Ubuntu Display Server Fallout Page 2: Page 2

The rivalry between Mir and Wayland could serve to make both projects stronger.
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Wayland Is Still Ahead of Mir.

Despite Wayland's slow pace, it's still vastly ahead of Mir at this point. I acknowledge this, and I will even say this presents some interesting challenges to those developing Mir. It's also important to note that the upcoming release(s) of Wayland will likely bring forth the missing functionality, such as minimizing and maximizing windows. And if this happens before Mir is released, this will put Wayland much farther ahead of Mir.

What's my response to this possibility? Awesome! Because this would give us two great display server options to choose from as time passes along.

Remember what I said previously, this isn't a zero-sum game. Competition between the two projects only serves to benefit Linux users collectively. So if Wayland comes out the winner for the desktop, with Mir being useful only to Ubuntu, I'm completely fine with that. What I find so perplexing, is all of the complaining about something that isn't a threat to Wayland within the Linux community. It makes little sense to me and offers no value to anyone.

The Canonical-Is-Too-Powerful Argument

In my effort to better understand the paranoia about Canonical "seizing control" over the hearts and minds of Linux users, I've come to the following realization: The Linux community includes people full of passion and opinions. This is especially true when it comes to developers. Speaking as a non-developer, I have the advantage of looking at this with indifferent eyes.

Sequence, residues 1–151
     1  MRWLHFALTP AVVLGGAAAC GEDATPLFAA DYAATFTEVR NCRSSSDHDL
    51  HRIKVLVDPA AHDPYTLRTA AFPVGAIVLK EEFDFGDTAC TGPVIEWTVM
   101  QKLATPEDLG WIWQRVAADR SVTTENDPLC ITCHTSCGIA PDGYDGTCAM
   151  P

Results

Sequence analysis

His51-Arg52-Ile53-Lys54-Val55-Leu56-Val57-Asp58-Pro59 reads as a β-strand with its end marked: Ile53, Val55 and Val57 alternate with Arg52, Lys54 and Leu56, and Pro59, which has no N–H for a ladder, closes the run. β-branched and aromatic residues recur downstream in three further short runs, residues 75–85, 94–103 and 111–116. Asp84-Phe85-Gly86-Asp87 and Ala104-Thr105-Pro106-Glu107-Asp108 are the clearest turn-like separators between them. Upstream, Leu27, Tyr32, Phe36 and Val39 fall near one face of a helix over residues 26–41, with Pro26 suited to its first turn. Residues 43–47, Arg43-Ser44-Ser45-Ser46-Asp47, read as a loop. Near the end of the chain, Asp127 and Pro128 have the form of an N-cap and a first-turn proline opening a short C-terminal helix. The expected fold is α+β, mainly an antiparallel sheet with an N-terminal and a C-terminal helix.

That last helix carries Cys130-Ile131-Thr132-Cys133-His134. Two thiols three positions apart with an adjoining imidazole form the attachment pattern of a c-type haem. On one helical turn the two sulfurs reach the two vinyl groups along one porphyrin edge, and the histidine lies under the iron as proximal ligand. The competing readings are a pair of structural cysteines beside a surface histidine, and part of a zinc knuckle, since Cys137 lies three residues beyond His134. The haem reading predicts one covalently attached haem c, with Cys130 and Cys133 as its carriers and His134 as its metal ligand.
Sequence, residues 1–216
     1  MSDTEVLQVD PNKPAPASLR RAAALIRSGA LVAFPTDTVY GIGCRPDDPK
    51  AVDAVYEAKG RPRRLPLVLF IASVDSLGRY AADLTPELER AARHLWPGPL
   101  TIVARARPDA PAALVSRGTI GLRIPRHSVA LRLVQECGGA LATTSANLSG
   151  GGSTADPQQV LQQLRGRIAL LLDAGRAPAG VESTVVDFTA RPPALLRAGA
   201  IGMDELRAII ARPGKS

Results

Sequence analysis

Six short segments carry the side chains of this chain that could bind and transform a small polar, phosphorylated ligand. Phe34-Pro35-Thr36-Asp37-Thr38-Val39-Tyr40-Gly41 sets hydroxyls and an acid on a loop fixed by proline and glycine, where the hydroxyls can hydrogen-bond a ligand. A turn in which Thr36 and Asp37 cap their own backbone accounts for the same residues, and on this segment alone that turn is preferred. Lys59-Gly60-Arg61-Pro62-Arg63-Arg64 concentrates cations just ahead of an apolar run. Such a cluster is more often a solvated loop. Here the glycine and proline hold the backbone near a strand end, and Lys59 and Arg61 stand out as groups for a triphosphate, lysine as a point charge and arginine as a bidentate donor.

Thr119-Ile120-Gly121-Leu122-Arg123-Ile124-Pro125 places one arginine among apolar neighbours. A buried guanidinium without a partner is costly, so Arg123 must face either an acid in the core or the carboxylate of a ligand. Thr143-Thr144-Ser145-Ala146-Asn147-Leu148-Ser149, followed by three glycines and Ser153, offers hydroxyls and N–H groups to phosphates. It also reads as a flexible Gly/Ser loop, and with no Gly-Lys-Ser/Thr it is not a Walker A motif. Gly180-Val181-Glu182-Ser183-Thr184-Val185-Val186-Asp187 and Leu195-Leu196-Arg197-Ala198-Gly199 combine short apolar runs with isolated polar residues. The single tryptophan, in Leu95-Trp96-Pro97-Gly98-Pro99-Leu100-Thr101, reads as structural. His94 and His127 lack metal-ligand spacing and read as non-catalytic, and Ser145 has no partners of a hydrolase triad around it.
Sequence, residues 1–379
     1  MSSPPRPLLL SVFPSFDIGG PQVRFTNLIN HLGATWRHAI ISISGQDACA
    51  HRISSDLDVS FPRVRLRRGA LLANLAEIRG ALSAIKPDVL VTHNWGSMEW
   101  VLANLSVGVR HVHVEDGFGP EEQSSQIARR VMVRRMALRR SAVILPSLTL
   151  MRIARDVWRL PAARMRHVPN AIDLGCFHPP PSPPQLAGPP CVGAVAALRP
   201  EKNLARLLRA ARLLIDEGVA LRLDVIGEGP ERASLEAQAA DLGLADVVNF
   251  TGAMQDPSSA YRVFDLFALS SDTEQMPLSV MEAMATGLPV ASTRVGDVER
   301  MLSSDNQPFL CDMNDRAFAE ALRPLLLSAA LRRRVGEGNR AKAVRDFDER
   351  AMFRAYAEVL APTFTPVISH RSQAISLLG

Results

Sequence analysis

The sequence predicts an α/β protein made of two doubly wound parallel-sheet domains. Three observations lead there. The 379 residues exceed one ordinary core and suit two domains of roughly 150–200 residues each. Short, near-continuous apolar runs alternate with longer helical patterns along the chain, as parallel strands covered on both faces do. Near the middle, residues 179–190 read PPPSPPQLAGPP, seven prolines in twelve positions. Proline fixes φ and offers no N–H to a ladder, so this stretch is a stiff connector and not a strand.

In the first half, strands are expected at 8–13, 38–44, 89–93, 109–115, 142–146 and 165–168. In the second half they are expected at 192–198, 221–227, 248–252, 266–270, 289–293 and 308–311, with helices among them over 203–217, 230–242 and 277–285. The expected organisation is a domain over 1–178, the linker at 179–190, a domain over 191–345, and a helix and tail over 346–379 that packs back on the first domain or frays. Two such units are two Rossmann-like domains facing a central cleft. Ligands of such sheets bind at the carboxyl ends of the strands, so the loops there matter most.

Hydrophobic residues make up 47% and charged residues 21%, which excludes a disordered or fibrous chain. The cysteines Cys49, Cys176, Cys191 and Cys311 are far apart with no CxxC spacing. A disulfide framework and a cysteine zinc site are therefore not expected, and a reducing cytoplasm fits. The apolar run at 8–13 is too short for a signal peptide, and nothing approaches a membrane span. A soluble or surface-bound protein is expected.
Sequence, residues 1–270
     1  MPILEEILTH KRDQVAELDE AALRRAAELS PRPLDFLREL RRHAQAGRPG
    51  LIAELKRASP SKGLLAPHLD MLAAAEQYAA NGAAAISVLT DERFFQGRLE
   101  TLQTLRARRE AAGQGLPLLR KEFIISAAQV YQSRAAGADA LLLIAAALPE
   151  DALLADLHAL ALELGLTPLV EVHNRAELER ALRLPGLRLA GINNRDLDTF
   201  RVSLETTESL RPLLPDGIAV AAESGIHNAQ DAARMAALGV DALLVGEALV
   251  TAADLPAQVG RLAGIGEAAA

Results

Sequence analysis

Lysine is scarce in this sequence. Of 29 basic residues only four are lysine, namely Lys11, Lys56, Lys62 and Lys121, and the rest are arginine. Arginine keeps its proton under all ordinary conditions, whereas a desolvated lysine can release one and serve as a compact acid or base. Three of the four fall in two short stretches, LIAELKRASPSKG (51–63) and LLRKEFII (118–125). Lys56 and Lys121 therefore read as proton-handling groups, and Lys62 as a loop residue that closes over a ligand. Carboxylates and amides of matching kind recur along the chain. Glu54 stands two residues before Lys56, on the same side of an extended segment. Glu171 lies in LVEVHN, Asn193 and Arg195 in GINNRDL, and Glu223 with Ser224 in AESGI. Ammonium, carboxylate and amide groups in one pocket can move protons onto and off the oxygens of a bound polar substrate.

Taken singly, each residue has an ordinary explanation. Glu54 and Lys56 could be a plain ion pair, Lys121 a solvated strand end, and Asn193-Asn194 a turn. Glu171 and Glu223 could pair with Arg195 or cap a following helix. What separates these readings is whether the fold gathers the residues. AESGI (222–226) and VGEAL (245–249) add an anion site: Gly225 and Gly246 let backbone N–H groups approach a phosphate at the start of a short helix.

Anytime I get into a debate over Mir vs. Wayland I find the conversation quickly goes from facts to opinion. For example, one recent conversation started off talking about the head start Wayland has had over Mir and how quickly Mir is catching up despite the obvious challenges in creating a brand new display server. It started out as a healthy debate, but quickly the conversation went into speculation. And the ultimate statement was that Canonical is somehow not to be trusted. The argument was that "Canonical was becoming too powerful." When I pushed further to better understand the rationale, I was told that Canonical is becoming the next Microsoft. When I pointed out that Canonical is releasing Mir as an open source concept, I was then told that Canonical might do something evil with the project such as closing the code later on. You simply can't make this stuff up, folks!

Another individual brought up a fantastic point that I wanted to share. They mentioned that despite the code being open source, Canonical might force video card vendors to stick with Mir standards only. After all, their rationale is that video card vendors aren't too likely to support X, Wayland and Mir. Now this was a solid question worth exploring. My view on this is as follows: whichever project wins in the long term will be in a position to work with those building video cards. If this happens to be Mir, other distributions will be free to follow along or not.

Final Thoughts

As I bring this to a close, I want to acknowledge that there are a lot of heated debates and some strong opinions floating about Mir vs. Wayland. I maintain my position that either the best option or perhaps both options, will come out ahead in the long term. My view is that Wayland has had years to get a working product (and, no, it's not there yet in my opinion).

Currently, Mir is very much still in the concept stages; however, I've seen Canonical on a development warpath before. And no matter what you may think of them, they do development quickly. Based on a wide variety of factors, I think we'll see Wayland win early on with their display server offering, while the Mir team catches up later.


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Tags: open source, Linux, Ubuntu, desktop, display, Wayland


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